>write 144 separate programs to test all those?
No. That would be silly... You merely have to encapsulate the different
components of ONE program, then implement each component once for each lib
you want to test.

You can then test all libs against each other without the kind of effort you
portray, by simply plugging each lib into the game in turn and see if it
works with all the other libs.

>Also, what about libraries that are not DESIGNED to work with other
>libraries because they purport to provide a full solution. Would you
>downgrade (say) the Quake graphics engine because it only works when
>tightly integrated with it's own sound engine?  Tight integration
>between modules might be a blessing or a curse.
Why would we? We'd simply tell the facts as they are: The Quake graphics
engine doesn't work with other sound engines than the Quake sound engine.
We'd then probably also say something about how that wasn't so bad because
it allowed for some optimizations, and the simple fact that the Quake engine
and the Quake sound engine is a pretty good solution, would probably also do
alot to improve our positive feelings about this engine.

In the end, its up to the reader to make up his own mind. That should be the
aim of any well-written article, nomatter the kind (perhaps with the
exception of articles for novices, which has to keep things simple).

>There is simply no way to acquire all that information - and even
>if you did write all 144 programs, who the heck will ever CARE about
>the results?  If I were starting a new game development, I'd probably
>just pick a graphics library that I like and a sound library that I
>like and test them against each other myself.
I can think of atleast one quite large group of people who would be almost
ecstatic to have these kinds of test: the lib developers. It will enable
them to make their libs better, and therefore benefit all: lib developers,
game developers and gamers. They can all get and/or produce a better product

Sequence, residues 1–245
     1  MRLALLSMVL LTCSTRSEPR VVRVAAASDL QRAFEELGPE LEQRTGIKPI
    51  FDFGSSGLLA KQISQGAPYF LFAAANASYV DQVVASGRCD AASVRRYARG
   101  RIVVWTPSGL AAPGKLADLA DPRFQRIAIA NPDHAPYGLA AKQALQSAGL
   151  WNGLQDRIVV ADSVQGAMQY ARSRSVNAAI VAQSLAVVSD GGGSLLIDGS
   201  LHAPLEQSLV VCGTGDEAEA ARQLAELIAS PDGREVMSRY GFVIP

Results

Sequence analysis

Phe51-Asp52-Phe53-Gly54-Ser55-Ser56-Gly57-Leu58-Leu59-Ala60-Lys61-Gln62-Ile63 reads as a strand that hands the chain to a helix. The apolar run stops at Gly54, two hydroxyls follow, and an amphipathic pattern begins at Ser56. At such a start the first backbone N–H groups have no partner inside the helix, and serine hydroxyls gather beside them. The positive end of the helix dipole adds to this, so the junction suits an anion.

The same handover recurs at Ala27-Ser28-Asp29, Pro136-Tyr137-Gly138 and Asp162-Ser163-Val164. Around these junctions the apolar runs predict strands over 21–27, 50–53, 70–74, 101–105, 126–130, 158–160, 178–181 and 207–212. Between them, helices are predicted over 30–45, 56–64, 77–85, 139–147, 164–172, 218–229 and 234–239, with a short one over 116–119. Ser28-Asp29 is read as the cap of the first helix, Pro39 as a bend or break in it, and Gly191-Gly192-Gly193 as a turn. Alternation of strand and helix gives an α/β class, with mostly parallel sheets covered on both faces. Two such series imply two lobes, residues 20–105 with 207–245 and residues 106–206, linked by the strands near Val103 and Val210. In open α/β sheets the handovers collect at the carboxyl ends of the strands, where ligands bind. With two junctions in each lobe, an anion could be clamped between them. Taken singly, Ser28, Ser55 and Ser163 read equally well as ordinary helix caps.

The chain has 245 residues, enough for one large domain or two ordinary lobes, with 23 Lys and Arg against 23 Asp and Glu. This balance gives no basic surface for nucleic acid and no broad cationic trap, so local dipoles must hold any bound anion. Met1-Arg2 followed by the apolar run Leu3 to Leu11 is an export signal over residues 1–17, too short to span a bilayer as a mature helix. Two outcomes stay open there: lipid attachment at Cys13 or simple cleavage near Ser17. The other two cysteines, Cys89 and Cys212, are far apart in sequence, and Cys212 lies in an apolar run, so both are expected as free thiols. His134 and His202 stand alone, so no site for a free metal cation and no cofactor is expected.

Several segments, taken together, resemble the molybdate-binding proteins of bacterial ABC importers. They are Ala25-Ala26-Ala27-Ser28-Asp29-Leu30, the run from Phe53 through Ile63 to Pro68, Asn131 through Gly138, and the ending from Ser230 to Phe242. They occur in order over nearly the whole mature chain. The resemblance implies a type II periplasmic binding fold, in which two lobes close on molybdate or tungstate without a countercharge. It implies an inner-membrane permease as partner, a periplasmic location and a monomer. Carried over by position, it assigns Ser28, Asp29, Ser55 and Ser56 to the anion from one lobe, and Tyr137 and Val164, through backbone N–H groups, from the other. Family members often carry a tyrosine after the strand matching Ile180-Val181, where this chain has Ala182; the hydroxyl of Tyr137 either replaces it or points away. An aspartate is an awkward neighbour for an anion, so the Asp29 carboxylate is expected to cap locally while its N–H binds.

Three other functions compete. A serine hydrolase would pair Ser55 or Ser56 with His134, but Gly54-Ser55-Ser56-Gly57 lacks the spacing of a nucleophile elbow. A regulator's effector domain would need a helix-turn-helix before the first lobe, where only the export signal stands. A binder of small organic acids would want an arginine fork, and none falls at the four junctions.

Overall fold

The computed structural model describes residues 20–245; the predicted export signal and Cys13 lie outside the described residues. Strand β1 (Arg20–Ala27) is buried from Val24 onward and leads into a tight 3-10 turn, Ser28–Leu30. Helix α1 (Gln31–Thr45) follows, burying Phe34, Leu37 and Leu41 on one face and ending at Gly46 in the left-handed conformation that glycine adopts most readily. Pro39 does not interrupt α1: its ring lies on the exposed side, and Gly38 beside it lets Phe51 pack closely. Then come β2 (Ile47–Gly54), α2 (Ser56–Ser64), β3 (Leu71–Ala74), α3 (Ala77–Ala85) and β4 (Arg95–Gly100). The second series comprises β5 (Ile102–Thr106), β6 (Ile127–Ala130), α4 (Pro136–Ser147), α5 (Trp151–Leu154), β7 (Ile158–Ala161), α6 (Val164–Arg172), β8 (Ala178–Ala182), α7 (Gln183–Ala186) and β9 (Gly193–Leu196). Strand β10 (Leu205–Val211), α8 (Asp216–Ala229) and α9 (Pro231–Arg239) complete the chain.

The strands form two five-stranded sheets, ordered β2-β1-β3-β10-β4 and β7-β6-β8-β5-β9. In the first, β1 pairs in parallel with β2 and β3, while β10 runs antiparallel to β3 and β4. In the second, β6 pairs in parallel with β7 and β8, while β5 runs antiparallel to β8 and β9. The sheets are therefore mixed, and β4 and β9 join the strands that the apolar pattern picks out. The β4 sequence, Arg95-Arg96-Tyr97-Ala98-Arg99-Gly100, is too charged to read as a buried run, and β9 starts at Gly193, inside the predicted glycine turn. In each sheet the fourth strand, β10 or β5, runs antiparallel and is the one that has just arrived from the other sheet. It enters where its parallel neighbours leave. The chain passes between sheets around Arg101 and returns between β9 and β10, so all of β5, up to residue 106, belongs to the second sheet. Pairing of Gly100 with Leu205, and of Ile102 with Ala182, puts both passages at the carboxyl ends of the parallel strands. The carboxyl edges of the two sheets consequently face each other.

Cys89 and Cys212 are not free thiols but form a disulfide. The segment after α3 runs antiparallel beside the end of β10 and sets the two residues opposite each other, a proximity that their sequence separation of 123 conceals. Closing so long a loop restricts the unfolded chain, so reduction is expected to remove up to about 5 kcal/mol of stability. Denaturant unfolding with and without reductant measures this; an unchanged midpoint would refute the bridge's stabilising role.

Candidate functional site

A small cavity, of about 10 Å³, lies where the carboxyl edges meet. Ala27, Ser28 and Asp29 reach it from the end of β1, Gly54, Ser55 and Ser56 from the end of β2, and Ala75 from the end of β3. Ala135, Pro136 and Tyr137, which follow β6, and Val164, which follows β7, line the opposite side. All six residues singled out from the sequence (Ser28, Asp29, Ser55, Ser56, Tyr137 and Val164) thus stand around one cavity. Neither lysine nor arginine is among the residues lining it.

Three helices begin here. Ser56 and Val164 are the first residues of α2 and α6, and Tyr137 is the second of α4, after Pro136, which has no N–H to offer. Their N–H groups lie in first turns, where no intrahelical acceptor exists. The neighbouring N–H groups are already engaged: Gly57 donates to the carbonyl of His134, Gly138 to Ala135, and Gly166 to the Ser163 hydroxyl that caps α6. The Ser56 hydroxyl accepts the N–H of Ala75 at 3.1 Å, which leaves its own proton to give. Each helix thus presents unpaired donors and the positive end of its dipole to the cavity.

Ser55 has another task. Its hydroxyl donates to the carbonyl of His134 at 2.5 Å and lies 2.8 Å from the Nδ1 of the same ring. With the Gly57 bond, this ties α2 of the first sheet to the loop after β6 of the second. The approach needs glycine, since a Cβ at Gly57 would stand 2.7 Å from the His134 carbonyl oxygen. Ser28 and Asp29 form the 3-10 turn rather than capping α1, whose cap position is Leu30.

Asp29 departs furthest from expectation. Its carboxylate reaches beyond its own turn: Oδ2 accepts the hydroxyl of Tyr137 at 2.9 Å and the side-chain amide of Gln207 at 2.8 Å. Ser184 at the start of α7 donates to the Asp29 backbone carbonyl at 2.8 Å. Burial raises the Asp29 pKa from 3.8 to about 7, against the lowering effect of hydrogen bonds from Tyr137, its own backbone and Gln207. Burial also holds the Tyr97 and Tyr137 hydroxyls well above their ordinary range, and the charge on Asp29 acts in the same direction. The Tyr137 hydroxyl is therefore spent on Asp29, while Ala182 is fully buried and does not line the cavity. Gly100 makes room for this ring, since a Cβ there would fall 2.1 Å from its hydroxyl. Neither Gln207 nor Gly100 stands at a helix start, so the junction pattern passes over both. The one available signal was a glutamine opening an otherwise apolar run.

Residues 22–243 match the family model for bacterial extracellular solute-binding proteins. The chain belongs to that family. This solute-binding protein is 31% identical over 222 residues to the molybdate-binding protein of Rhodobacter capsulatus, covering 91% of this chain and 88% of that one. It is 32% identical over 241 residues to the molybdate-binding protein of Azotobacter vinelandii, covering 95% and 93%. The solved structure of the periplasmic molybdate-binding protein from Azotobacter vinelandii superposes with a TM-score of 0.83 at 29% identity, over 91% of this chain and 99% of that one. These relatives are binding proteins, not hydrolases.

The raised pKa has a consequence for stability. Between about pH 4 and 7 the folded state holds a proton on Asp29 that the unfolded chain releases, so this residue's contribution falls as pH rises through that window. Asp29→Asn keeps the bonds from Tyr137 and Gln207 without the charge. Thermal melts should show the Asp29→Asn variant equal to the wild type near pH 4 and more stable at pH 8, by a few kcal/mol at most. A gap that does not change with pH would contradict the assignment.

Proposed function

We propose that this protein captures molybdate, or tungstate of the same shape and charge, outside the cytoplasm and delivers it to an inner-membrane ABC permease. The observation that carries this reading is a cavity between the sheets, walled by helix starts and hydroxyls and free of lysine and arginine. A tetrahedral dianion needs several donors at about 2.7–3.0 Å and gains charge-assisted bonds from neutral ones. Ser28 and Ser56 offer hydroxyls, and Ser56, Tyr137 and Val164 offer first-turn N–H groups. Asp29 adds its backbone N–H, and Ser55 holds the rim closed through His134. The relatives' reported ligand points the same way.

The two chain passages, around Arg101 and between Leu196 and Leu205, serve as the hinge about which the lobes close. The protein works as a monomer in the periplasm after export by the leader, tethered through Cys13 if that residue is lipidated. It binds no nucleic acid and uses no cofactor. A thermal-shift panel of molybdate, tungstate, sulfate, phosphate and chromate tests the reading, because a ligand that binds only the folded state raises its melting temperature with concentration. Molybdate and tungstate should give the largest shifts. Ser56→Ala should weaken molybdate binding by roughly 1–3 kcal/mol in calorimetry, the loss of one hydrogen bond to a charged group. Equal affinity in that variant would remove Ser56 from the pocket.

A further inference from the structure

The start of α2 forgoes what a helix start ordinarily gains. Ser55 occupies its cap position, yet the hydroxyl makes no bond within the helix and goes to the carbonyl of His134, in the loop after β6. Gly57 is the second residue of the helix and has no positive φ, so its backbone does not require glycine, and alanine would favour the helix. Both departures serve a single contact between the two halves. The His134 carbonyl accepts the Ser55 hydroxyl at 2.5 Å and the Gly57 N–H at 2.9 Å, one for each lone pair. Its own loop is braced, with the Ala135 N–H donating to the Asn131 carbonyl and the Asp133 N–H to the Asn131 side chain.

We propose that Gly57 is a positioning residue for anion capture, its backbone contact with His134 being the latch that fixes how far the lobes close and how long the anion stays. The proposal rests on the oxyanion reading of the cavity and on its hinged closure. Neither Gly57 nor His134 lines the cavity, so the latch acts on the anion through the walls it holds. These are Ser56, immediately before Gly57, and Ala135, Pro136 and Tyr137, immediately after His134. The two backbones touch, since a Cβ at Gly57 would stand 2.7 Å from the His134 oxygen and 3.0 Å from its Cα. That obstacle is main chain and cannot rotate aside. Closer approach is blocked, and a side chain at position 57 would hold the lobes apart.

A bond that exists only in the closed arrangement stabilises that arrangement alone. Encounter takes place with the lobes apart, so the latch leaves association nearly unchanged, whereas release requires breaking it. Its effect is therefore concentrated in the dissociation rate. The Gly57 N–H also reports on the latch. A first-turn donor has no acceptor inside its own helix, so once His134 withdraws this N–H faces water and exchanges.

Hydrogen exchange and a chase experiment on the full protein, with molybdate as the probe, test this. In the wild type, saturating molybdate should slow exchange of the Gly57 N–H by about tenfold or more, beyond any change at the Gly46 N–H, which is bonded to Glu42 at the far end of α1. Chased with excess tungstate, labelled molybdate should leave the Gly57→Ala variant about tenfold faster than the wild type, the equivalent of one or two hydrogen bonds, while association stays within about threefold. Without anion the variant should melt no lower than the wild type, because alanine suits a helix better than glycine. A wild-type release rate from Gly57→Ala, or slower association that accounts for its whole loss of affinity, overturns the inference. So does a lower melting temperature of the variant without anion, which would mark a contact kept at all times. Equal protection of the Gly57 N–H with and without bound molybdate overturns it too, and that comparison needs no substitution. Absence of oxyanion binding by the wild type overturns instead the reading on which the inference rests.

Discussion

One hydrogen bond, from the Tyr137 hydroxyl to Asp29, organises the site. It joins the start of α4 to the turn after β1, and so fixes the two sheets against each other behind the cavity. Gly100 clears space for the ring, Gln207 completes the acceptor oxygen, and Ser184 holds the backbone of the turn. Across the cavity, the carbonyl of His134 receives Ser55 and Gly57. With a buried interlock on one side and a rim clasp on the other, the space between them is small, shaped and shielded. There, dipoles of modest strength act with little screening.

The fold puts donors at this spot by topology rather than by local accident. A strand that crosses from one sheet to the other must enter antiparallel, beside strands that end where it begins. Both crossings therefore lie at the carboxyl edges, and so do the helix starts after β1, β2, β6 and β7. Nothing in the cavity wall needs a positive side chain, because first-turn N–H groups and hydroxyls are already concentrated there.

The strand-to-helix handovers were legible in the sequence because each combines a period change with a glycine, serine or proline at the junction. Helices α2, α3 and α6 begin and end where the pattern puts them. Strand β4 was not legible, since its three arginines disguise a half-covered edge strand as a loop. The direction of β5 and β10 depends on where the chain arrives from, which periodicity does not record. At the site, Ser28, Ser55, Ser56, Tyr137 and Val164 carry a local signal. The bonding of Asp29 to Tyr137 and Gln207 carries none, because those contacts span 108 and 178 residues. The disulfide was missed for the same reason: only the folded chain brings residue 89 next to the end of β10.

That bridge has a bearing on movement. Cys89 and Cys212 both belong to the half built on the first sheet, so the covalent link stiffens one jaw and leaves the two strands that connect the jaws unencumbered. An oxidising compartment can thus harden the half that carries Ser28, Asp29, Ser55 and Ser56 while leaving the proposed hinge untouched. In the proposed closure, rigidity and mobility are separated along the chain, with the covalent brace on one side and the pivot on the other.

as a result.

Seeing how good a library is at cooperating with other libraries is
certainly an important part of getting a just reasonably detailed picture of
a lib. This is certainly information that is vital, but not very accesable,
if at all accessable.

>SDK's are hugely a matter of personal preference...that's why there
>are so many of them. Almost everyone who approaches the problem
>decides that it's simply easier to write a new SDK than to put up
>with percieved limitations of someone elses.
The question is wheter this is a problem with the libs that exist, or if it
simple is a result of people not being able to find what they are looking
for? I think a site suchs as this will help to reduce fragmentation of
effort and promote inter-lib cooperation.

>I think we have enough SDK's - we need people to write good games.
I couldn't agree more with you. That's why I think this site is suchs a good

>Quit talking about it, preparing to do it, thinking about how to
>build a web site to tell other people to prepare to think about
>doing it.
This site will tell people how to do it. If people don't know how, they will
either never start, or fail. Nobody gets anything out of that.

>Just do it!  Write great games.  Everything you need to do that
>is here -- a dozen times over.
It is my understanding that you are a library developer?

>Linux *desperately* needs *good* games.  The whole future of the
>OS depends on it.  If I see another Tetris clone I'll scream.
>There are 64 tetris clones for Linux.
Tetris is a great way to be introduced to programming. I don't think its
something alot of talented people waste their time on, though. If they don't
have a very good reason.

>It's not even that hard to do.
>My kid had a great strategy game idea last night. After about
>20 hours of work, it's nearly finished.  It has GUI, sound,
>3D graphics, joystick support, etc, etc, etc.  The only code
>I had to write was stuff that you couldn't possibly abstract
>into a game library.  I could probably have used any of a dozen
>SDK's and gotten much the same results.
Hmm... It seems to me that the requirements for a game it takes only one man
20 hours to create is pretty limited. Besides, you seem to be a very
informated individual in this regard, so it is not that surprising that you
shoud know how to do things somewhat quicker than many other people,
especially if you used the same lib you yourself are developing...


I want to thank you for taking the time to write this. If every new project
being started up had a guy suchs as you around to make people see the weak
spots in their vision, I suspect not nearly as many projects would fail as
is the case today (the last think I heard was that only 1 in 20 projects